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IPFS News Link • Federal Reserve

Wait, why is The Fed buying my biggest competitors' bonds?

• Out of the Cave

"It is well enough that people of the nation do not understand our banking and monetary system, for if they did, I believe there would be a revolution before tomorrow morning"

— Henry Ford

"The ultimate crisis will occur when the situation is so thoroughly perverted that the defenders of the status quo can no longer resurrect confidence in the system"

— Vincent LoCascio, Special Privilege: How the Monetary Elite Benefit at Your Expense

Over several previous blog incarnations I've been writing about a couple of core themes. When I started writing about artificially low interest rates and the bad outcomes they would produce, I didn't even know the economic terms for some of the things I was writing about.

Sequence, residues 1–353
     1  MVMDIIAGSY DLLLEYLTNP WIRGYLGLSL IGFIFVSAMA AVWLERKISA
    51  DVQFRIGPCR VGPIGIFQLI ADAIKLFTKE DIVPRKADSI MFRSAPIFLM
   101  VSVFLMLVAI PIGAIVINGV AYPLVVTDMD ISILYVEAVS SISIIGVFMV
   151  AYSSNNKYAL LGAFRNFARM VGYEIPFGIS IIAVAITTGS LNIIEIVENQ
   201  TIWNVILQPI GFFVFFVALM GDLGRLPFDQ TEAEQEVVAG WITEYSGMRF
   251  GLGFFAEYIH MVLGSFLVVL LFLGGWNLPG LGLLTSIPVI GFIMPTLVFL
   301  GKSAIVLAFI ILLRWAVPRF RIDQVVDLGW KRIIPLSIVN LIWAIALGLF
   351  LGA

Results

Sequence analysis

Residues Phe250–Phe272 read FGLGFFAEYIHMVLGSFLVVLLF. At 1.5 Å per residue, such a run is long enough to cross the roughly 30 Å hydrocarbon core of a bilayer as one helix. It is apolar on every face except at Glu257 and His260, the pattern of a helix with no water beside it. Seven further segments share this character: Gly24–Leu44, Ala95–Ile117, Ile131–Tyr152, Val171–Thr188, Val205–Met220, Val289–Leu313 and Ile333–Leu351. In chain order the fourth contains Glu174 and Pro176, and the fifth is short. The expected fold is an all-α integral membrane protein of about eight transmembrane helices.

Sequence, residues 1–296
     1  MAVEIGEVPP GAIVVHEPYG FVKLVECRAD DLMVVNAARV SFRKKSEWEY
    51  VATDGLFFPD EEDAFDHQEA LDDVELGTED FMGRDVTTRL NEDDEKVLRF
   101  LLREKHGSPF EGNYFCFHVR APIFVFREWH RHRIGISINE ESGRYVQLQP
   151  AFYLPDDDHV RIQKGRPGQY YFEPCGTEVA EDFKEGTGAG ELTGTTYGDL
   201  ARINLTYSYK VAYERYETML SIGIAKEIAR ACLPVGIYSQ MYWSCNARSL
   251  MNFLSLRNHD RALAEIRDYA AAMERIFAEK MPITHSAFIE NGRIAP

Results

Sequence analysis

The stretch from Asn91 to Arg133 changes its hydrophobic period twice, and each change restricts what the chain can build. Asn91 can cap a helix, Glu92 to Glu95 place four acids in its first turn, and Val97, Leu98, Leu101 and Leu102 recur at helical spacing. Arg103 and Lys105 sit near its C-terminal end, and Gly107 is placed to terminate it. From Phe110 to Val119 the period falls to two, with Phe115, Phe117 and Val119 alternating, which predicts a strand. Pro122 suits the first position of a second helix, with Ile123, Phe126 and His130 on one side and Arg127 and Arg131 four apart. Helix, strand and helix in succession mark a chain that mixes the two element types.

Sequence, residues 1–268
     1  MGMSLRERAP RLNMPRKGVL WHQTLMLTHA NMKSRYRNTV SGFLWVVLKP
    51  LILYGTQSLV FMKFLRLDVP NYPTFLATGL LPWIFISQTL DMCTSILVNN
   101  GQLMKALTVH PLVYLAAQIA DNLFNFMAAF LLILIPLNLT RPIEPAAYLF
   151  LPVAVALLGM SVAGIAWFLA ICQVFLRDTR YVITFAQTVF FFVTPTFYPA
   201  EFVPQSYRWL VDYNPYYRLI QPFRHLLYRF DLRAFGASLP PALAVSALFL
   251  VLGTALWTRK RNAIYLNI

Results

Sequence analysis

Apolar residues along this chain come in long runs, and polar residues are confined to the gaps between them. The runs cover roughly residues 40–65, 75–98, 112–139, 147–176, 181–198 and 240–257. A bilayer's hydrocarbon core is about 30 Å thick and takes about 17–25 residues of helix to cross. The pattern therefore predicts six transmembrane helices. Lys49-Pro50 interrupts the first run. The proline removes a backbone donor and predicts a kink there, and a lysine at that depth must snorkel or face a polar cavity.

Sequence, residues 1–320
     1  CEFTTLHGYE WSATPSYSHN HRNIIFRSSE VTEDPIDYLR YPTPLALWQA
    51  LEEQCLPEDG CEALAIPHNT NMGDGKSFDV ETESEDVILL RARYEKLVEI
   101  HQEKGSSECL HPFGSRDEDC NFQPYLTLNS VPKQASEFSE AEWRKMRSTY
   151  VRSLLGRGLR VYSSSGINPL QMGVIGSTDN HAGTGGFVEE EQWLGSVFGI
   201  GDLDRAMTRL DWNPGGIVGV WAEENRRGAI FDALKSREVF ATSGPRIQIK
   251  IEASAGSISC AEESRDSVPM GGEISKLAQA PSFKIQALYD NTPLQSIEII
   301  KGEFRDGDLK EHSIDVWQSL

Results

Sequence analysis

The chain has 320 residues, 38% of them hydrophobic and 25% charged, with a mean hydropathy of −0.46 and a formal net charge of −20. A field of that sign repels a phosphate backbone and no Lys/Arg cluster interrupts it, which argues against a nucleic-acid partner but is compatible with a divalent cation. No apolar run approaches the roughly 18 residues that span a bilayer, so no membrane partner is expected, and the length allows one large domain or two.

But I knew keeping interest rates artificially low, or even negative would act like a type of event horizon that would be impossible to normalize from. I knew keeping interest rates too low for too long would force fiduciaries and capital allocators out the risk curve in search of yield, and that the most vulnerable among us, such as senior citizens, were the least able to absorb the inevitable drawdowns that would entail.

I also realized early on that hot money and credit expansion would spur an explosion of money losing unicorns, who would suck up all the oxygen in all the markets cannibalizing entire markets at a loss in order to get that Series E or F up-round. That one became apparent to me when I started seeing billboards for one of my largest competitors every 1/4 mile across the entire city of Toronto on my daily commute, and every other place else I ever travelled to in North America. I knew that they were losing about $300,000,000 a year at the time. They also had some pretty kick-ass Super Bowl commercials.


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